Want to help pollinators this fall? Plant White Mistflower (Ageratina havanensis)! Also known by the common names Shrubby Boneset and Havana Snakeroot, the fuzzy white blooms of this native plant will bring ALL the pollinators to your yard in October and November.
Native to the Edwards Plateau in central Texas, it is one of my favorite native plants for providing a rare source of late-season nectar. Did I mention it isn’t picky about its light requirement and is deer resistant? Sign me up!
Want to attract more butterflies to your yard? Be sure to download my FREE Pollinator Nectar Plants PDF. Take this handy one-pager to the nursery to get the native plants that pollinators LOVE!
5 Reasons to Plant White Mistflower (Ageratina havanensis)
1. Excellent fall nectar plant
Too often we forget about having fall-blooming plants in our yard, focusing on late spring and summer. However, fall nectar is critical for migrating Monarchs and other pollinators. This Texas native is the perfect solution. White Mistflower’s profuse blossoms are covered in pollinators of every shape and size.
It is not uncommon to spot 10 or more different kinds of pollinators nectaring on its pinkish-white flowers at the same time! Bonus: its fragrant flowers smell amazing!
2. It is a butterfly host plant
In addition to being a critical nectar source, Shrubby White Boneset is also a host plant for the Rawson’s Metalmark butterfly. Its caterpillars rely on the leaves of this plant for their food!
2. Pretty shrubby plant
I think White Mistflower is a beautiful addition to a native plant garden even when not in bloom. The rounded deciduous shrub tends to grow in a denser shape than other native shrubs – growing 2-4 feet tall on average.
It can handle a heavy shearing in early spring to help keep its shape and promote more blooms. Its dark green triangular-shaped leaves are also very attractive.
3. Drought tolerant
Another good reason to grow White Mistflower – it doesn’t need much water once established! Its native habitat is the rocky limestone hills of the Texas Hill Country, so it thrives in dry soil with good drainage.
4. Deer resistant
It turns out Ageratina havanensis is one of the best deer resistant plants around! Deer find its foliage unpalatable. I know a lot of Texans deal with deer, so definitely add this to your list to try along with these suggestions for deer-resistant plants.
5. Performs well in shade
White Mistflower is a versatile plant. It can handle full sun, but it also thrives in partial shade. I recommend it for shady areas of your yard along with these other great native Texas shade plants.
Names for Ageratina havanensis
Plant names can be confusing, often leading to head scratching at the nursery. White Mistflower is a great example. While plants can have many common names, they typically only have one scientific name. However, White Mistflower goes by two – Ageratina havanensis and Eupatorium havanense. Look for one of these scientific names on the plant label to make sure you’re getting the right plant.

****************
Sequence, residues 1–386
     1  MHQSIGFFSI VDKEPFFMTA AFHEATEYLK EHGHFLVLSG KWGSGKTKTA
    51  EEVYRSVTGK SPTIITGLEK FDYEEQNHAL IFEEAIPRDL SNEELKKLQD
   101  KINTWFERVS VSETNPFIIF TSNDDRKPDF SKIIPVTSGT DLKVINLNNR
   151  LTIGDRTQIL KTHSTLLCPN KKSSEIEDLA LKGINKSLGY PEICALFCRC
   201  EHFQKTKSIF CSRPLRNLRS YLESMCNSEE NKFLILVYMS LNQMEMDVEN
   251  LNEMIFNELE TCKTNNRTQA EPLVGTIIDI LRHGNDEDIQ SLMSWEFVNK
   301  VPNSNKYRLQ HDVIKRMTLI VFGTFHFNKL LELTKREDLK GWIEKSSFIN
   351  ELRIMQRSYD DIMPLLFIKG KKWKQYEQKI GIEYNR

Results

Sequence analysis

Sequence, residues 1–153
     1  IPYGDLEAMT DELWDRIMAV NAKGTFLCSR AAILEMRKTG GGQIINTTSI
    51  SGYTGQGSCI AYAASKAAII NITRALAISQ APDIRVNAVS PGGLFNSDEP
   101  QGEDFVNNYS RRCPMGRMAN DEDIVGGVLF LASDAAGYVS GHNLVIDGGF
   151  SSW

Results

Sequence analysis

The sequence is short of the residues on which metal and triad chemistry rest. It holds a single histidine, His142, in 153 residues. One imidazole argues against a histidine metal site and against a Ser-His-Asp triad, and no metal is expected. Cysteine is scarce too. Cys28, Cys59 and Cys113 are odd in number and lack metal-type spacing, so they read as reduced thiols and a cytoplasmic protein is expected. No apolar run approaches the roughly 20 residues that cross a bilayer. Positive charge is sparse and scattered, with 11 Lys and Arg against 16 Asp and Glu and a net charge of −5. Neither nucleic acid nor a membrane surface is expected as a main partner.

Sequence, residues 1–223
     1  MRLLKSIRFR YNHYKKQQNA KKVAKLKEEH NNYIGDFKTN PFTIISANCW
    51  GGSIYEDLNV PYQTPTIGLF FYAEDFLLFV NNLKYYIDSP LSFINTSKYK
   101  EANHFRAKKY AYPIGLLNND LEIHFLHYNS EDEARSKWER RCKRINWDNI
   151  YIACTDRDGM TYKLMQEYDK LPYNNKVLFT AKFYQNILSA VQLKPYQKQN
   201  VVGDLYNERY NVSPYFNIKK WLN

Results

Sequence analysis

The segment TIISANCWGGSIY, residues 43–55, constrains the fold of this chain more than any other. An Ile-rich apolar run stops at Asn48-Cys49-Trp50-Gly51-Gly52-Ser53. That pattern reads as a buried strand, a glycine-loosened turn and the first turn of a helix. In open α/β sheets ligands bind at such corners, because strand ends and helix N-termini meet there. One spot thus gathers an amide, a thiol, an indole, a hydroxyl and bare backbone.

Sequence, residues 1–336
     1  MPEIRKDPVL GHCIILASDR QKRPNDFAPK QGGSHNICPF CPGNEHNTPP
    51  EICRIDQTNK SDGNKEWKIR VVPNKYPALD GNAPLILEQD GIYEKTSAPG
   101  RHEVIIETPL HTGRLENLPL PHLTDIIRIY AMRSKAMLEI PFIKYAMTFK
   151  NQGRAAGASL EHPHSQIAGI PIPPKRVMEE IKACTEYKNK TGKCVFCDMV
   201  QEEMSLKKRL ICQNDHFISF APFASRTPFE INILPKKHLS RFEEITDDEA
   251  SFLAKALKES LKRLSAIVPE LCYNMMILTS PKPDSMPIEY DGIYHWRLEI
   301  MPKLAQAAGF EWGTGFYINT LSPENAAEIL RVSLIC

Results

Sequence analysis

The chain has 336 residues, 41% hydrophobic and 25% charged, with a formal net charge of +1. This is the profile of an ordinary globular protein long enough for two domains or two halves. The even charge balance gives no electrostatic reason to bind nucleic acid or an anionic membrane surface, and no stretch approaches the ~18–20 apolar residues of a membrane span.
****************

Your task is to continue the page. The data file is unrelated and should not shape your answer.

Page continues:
Its common names include Shrubby Boneset and Havana Snakeroot.
Other Mistflowers to Try in Your Garden
To add to the confusion, there are a variety of other mistflowers native to Texas. White Mistflower (Ageratina havanensis) is one of several native Eupatorium species. All these below are also excellent additions to your pollinator garden!
- Fragrant Mist Flower (Chromolaena odorata) – native to Texas Gulf Coast and parts of Florida. Important fall nectar source for Monarchs passing through south Texas.
- Blue Mistflower (Conoclinium coelestinum) – wide native range spanning from east and north Texas through much of the eastern United States. Has light purple blooms.
- Gregg’s Mistflower (Conoclinium greggii )- quite possibly my favorite native nectar plant, Gregg’s Mistflower is a must for any butterfly garden. Similar to Blue Mistflower, but native to the Edwards Plateau region of central Texas.
Download the Free PDF: Native Nectar Plants
Want all the pollinators in your yard? I created a handy one-page PDF for you to print and take along with you to the plant nursery. It includes a thumbnail photo of each plant along with both its common and scientific name, shade requirements, and other helpful growing info. Get it here:
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Welcome to Native Backyards! I’m Haeley from San Antonio, Texas, and I want to help you grow more native plants.
I have seen firsthand how the right plants can bring your yard to life with butterflies, bees, and birds. I’ve transformed my yard with Texas natives and I’m excited to share what I’ve learned with you.
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